05 Jan Care plans: What is an Enhanced Primary Care Plan?
An Enhanced Primary care plan, known as an EPC, was a Medicare scheme. It helped people claim some of the costs of their allied health service. This included physio, osteo, chiro, podiatrists, dietitians and more. Back in 2005, the Government removed EPC’s from the Medicare Benefits Schedule. They replaced it with something called a Chronic Disease Management Plan (CDM). Now us Australians are creatures of habit, and of course this new term never took off. So, everyone still refers to their care plan (or CDM) as an EPC (confusing right!). Here at St Leonards Physio, we call them EPCs. But for the sake of simplicity, in this blog, we’ll call them ‘care plans’.
What is a care plan?
A care plan is a plan the GP puts in place to help manage your chronic or terminal medical condition. This includes patients that need a multidisciplinary approach – a team of care professionals that includes a GP and at least two other health or care providers. With a care plan, you are able to receive a Medicare rebate for the costs of some allied health services. In short, treatments will be cheaper for you.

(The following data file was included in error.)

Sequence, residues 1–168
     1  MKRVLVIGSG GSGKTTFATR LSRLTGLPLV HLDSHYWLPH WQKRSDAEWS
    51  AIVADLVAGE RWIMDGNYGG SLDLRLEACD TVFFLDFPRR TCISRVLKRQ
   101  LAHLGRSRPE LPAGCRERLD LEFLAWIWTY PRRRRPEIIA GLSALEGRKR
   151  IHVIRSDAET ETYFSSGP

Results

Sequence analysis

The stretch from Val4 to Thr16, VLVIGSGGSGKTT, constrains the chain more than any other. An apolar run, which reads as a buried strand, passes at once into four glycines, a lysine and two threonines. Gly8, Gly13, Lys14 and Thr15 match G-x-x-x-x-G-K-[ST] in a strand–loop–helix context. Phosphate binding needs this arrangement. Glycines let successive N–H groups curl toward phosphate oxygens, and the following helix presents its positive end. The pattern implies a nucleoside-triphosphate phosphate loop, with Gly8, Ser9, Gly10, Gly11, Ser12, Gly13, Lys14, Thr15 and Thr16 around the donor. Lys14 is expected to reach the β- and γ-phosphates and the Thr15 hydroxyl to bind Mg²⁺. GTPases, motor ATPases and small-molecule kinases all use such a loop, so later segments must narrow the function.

What qualifies as a chronic medical condition?
According to the Department of Health, a chronic condition is one that has been or is likely to be around for six months or longer. It includes but is not limited to asthma, cancer, cardiovascular illness, diabetes mellitus, musculoskeletal conditions and stroke. Your GP is able to determine whether you qualify for a care plan.
Is the rebate the only benefit of a care plan?
While the rebate is of course beneficial, it’s not the only reason care plans are in place. Care plans help GPs plan and coordinate your care with other health professionals. They also encourage you to take an active part in your healthcare journey.
Can I see a different practitioner than the one listed on my form?
Yes and no! Now, let us explain… If your referral form includes the name AND practice location of an allied health professional then you can see any allied health professional at that practice. However, if your referral form contains the name of an allied health professional, but no practice location, then you must see the allied health professional who is specified on your form. In this case, if you want to see someone else, you need to get a new referral form from your GP. If the GP has only specified the type of allied health professional, then you are free to see any allied health professional you like, as long as that professional is registered with Medicare Australia to provide services.
So that is care plans in a nutshell (or EPCs, or CDMs)! Here at St Leonards Physio, we treat many patients with care plans. The first stop for a care plan is always your GP, so if you think you may qualify, chat to your GP and they’ll be able to advise whether a care plan is right for you.